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How Ukraine will storm Russia’s WW1-style 600-mile frontline using Western tanks & Storm Shadow missiles to crush Putin

UKRAINE could blast through Putin's World War One-style frontline using Western armour as the long-awaited counter-offensive begins.

German Leopard 2 tanks and US Bradley armoured vehicles have been seen in the Zaporizhzhia region as the assault reportedly started with "wave after wave" of attacks on Russian positions.

Brave Ukrainian soldiers have been holding the line against Putin's twisted invasion for months - readying for their counter-offensive as troops train up with Western weapons.

And on Thursday, Western tanks rolled into battle for the first time in a major offensive - in what appeared to mark the launch of the counter-attack.

Russian military bloggers reported fierce battles on the Zaporizhzhia front as Ukraine tried to pierce Russian defences and slice a wedge through Putin's forces.

Kyiv has maintained a strict policy of silence - but senior Ukrainian officials told US media an "active phase" of the counter-offensive was now under way.

The counter-attack is expected to involve thousands of Ukrainian soldiers trained and equipped by the West.

And Ben Barry, senior fellow for land warfare at the International Institute for Strategic Studies, said the sightings of German and US armour suggest Ukraine's new brigades have now joined the battle.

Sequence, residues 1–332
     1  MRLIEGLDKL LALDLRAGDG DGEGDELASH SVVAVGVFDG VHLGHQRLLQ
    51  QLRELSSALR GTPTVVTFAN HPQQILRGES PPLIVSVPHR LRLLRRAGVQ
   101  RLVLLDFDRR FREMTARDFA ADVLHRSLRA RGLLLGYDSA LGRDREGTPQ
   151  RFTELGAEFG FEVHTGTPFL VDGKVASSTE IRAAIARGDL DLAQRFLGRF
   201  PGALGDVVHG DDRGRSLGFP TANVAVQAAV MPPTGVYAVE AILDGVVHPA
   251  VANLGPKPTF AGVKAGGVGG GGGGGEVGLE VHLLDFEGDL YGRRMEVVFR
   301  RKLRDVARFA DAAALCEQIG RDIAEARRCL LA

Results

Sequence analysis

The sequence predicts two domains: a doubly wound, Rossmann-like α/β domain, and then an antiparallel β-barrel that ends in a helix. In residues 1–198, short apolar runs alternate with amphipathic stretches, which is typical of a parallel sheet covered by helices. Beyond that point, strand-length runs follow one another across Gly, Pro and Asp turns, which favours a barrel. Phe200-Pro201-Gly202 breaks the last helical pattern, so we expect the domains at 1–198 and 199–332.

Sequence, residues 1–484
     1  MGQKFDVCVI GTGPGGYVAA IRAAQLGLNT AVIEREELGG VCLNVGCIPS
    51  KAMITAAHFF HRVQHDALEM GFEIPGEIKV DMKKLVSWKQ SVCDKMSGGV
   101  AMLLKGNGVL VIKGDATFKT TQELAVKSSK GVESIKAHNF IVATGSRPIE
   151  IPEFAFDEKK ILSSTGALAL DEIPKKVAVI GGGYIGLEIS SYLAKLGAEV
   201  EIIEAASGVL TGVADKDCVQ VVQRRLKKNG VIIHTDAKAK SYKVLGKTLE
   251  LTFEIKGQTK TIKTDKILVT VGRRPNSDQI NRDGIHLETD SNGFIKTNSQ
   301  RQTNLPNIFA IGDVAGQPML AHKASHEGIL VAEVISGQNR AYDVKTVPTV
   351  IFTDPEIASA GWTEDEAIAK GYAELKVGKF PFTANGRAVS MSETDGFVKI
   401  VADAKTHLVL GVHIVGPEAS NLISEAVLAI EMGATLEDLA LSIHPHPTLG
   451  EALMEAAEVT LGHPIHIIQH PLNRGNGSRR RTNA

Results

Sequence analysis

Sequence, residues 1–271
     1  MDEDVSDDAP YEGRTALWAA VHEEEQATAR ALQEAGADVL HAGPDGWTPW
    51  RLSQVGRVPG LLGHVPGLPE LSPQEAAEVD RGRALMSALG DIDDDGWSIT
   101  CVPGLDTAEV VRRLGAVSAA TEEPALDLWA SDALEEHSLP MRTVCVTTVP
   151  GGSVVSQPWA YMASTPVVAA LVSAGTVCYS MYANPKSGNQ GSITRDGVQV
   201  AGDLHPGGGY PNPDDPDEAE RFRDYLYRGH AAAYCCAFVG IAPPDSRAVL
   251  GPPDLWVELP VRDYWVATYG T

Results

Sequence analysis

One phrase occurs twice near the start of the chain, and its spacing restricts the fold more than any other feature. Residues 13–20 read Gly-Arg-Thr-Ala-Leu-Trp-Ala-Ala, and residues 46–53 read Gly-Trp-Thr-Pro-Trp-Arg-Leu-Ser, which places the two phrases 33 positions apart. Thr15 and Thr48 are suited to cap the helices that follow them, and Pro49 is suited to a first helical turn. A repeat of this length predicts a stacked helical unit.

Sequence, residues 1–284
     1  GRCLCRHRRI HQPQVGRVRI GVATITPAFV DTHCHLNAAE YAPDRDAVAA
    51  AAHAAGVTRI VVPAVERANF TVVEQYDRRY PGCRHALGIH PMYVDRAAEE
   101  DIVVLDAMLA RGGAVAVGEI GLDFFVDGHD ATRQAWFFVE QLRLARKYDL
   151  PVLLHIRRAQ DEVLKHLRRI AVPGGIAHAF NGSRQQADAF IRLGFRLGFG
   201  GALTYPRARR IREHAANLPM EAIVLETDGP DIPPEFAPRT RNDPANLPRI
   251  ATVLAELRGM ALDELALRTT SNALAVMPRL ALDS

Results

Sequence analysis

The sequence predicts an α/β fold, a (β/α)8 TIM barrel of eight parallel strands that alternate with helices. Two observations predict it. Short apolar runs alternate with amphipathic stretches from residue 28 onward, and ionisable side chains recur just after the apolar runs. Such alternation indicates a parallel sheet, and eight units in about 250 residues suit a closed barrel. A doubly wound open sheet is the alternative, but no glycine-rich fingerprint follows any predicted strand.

As the major assault begins, the former brigadier told The Sun Online how the Ukrainian troops could smash through Russia's frontline.

Ukraine's initial plan will be to keep the Russians off balance and gain tactical surprise through deception and camouflage, he said.

"What's pretty clear to me is since about June 4 Ukraine has gone over to the offensive wherever it can on the frontline," he added.

"There have been attacks mounted across a wide spectrum - across the full length of the frontline, including in Bakhmut where they are attempting to press the flanks of the Russian troops."

In preparation for the counter-attack, Ukraine has drummed up at least 12 specially equipped and trained army brigades - and nine of them have been given weapons by Ukraine's allies, Barry said.

"The nine that have been equipped by Ukraine's friends, there's a lot of signature equipment there - Leopard tanks, Challenger 2 tanks, US Bradley fighting vehicles," he said.

"If we start seeing those appearing on mass, that's a signature of one of the counter-attacking brigades."

Barry said the Russian frontline is "split in two halves" - a single line of defence in the northern part of eastern Ukraine, and more between the territory occupied by Ukraine and Crimea.

If Ukraine can break through a "defensive belt", they could get behind the Russian defences and "unpick them".

"If you look at the satellite images of all their defences, they're very First World War or Second World War - very linear zigzag trenches," he explained.

"If Ukraine can break through these defensive belts, it can attack into the Russian rear areas.

"If you've got a defence that is predominantly linear, if you can punch through it and the enemy has inadequate mobile reserves, then it can execute what's called a 'turning movement'.

"We don't know if Russia can prevent it once the Ukrainians are through. But Ukrainians might have to take quite a lot of casualties getting through.

"If you try and concentrate and push through and do something like the the US and the UK did in Desert Storm... that means that you can exploit your advantages and get behind those layers of defense." 

Precision artillery will also massively help the Ukrainians when trying to breach a line of trenches on the frontline, Barry explained.

"You can look at satellite photos, work out where the commanding posts, where the logistic depots are... you can ask an artillery commander to land a piece of precision artillery at each of those," he said.